I am vehemently opposed to mandatory term limits, especially at the state and local level, and find great weakness in the argument made for them by their advocates. Mandatory term limits were first considered by our Founding Fathers at the Constitutional Convention of 1787 and rejected by its delegates. They didn’t make sense then and they don’t make sense now. What does make sense, and was chosen over mandatory term limits by our Founding Fathers, is short terms, or in other words, frequent elections. James Madison, who was one of the Constitutional Convention’s delegates who opposed mandatory term limits recorded in his notes the words of another delegate, Roger Sherman, who also opposed them: “Frequent elections are necessary to preserve the good behavior of rulers. They also tend to give permanency to the Government, by preserving that good behavior, because it ensures their re-election.” This argument makes sense. The argument for mandatory term limits doesn’t.
Given mandatory term limits, a politician ineligible to run for re-election would be stripped of his incentive to please his constituency and would become easy prey for special interests. Our Founding Fathers not only recognized the need for frequent elections to keep politicians responsive, they recognized as well that this was most important at the level of government closest to the people – the House of Representatives. It stands to reason, therefore, that this is what is needed at the state and local level as well. Our Founding Fathers knew that the best way to restrain a politician would be to periodically put his performance on trial by the electorate. What better way to keep politicians loyal to their constituency? What need have we for mandatory term limits? What more could they do for our system of government than the frequent elections instituted by our Founding Fathers? This system has kept in office for as many terms as was deemed appropriate by the people of the United States, according to their performance in office, the likes of John Quincy Adams, John C. Calhoun, Henry Clay, Sam Houston, James Madison and Daniel Webster.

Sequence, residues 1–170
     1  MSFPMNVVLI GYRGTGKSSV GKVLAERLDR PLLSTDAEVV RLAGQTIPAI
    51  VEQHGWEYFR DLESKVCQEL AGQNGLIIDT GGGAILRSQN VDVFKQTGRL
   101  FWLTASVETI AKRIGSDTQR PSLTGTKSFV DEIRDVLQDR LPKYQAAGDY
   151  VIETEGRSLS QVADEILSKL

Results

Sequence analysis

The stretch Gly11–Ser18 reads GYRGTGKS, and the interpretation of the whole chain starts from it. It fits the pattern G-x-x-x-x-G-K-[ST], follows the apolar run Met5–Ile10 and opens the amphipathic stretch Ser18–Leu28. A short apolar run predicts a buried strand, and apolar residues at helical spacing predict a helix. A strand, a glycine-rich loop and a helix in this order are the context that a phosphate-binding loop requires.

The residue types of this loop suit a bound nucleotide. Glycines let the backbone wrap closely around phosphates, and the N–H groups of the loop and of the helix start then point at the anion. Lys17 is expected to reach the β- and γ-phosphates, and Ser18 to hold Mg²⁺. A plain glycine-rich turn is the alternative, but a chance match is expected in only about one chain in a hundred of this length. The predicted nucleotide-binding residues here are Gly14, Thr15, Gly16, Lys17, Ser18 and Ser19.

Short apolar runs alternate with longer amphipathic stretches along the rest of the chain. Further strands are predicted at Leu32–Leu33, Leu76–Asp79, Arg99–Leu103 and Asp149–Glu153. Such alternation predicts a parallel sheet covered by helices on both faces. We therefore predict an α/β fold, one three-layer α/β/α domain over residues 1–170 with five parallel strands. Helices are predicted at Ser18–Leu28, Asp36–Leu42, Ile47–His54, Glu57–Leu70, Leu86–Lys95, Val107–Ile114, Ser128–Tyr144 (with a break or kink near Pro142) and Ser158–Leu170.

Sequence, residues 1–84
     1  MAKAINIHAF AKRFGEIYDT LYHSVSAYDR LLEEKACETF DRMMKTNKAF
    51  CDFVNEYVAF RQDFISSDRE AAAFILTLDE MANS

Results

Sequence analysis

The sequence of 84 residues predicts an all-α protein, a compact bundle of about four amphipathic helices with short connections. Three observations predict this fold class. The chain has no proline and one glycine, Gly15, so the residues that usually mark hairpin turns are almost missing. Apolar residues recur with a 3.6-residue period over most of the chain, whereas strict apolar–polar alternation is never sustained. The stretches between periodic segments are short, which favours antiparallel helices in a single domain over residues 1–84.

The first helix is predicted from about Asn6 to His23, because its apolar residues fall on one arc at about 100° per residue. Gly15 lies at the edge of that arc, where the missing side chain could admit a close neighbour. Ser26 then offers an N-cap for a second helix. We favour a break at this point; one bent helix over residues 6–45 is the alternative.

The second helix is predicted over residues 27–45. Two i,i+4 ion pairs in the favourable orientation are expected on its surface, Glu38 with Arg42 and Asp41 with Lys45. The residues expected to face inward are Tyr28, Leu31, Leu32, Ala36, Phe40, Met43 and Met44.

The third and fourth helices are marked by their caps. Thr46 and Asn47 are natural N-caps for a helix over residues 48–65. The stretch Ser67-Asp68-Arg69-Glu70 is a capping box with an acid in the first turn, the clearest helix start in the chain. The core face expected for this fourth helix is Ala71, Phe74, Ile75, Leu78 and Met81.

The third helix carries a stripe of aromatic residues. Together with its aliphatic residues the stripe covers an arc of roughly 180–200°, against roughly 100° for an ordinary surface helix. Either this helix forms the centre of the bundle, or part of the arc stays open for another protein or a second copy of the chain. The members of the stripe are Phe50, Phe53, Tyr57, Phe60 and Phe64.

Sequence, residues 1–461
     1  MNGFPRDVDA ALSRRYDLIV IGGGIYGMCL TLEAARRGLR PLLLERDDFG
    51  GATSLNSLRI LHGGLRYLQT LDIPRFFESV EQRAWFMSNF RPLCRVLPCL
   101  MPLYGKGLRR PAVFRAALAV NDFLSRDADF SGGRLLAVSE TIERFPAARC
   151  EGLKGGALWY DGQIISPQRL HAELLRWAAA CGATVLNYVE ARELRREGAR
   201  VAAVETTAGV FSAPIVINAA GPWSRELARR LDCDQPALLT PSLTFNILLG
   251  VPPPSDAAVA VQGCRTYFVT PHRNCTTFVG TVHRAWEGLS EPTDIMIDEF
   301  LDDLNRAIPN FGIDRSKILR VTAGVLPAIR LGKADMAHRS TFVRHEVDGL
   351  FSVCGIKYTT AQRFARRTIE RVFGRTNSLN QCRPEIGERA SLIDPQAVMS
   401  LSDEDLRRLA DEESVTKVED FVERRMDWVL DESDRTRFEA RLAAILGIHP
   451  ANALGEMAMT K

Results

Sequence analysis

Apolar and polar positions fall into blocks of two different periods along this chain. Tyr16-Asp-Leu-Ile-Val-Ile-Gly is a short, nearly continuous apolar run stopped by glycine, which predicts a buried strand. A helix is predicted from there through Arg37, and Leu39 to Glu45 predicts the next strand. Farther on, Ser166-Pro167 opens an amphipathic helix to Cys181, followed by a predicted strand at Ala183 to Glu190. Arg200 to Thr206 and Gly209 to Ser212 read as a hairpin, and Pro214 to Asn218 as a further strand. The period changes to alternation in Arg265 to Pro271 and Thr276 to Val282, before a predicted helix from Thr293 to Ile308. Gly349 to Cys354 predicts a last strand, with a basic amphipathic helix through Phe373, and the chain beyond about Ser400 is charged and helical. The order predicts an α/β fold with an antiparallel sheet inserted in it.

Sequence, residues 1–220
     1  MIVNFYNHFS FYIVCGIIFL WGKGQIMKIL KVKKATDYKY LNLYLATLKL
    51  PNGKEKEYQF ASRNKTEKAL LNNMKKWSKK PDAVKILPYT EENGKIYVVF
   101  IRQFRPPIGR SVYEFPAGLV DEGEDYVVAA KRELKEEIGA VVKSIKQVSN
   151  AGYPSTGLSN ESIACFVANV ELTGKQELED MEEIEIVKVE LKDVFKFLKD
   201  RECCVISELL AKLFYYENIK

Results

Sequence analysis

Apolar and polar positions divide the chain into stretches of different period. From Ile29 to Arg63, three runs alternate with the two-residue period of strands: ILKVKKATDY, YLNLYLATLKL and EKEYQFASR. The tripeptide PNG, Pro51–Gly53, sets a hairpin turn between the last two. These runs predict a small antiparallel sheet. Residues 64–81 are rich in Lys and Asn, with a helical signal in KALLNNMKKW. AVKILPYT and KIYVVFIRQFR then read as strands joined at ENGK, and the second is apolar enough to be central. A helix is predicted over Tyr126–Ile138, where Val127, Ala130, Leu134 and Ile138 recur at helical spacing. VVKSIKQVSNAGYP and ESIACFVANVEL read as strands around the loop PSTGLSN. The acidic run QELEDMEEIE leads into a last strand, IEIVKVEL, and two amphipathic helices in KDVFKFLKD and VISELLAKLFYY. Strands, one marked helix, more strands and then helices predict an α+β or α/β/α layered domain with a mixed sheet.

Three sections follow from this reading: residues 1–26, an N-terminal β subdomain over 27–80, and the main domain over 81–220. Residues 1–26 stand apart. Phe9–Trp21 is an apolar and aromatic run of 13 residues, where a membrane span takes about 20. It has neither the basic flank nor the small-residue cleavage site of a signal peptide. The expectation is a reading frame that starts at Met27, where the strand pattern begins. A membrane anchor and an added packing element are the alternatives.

I don’t believe “new blood” is needed at all in elected office for good policy to coagulate. In fact, I strongly agree with the argument that bleeding edge policy comes from steady- handed politicians who, in seeking and gaining re-election through their responsiveness to their constituents, have the pulse of the people on jugular issues. Like surgeons, these politicians have honed the skills needed to succeed at their job and are chosen based on their track record in successfully operating within the government. And if “new blood” is needed, mandatory term limits aren’t. “New blood” has successfully gained access to office without mandatory term limits. In 1992, Congress had 124 freshmen. Their predecessors were not ousted by mandatory term limits, but by the voice of the people. Call it ballot box term limits. The electorate should decide. Mandatory term limits cannot guarantee better policy. Only a well-informed electorate can do that.
If the people of the United States are concerned about being poorly represented in government, mandatory term limits are not the answer. The answer is voter education. Whether it be a change of policy or a change of guard, the people should maintain and exercise their constitutional right to elect the representatives who will serve them, and these representatives must remain accountable to the electorate and answer only to them, not to special interests. The only term limits needed to successfully accomplish this system of government are ballot box term limits. “New blood” is no guarantee of better representation. On the contrary, the only thing “new blood” guarantees is that old-guard staffers who have never had to face voters are in control of the government and shaping policy while the “new blood” learns the ropes.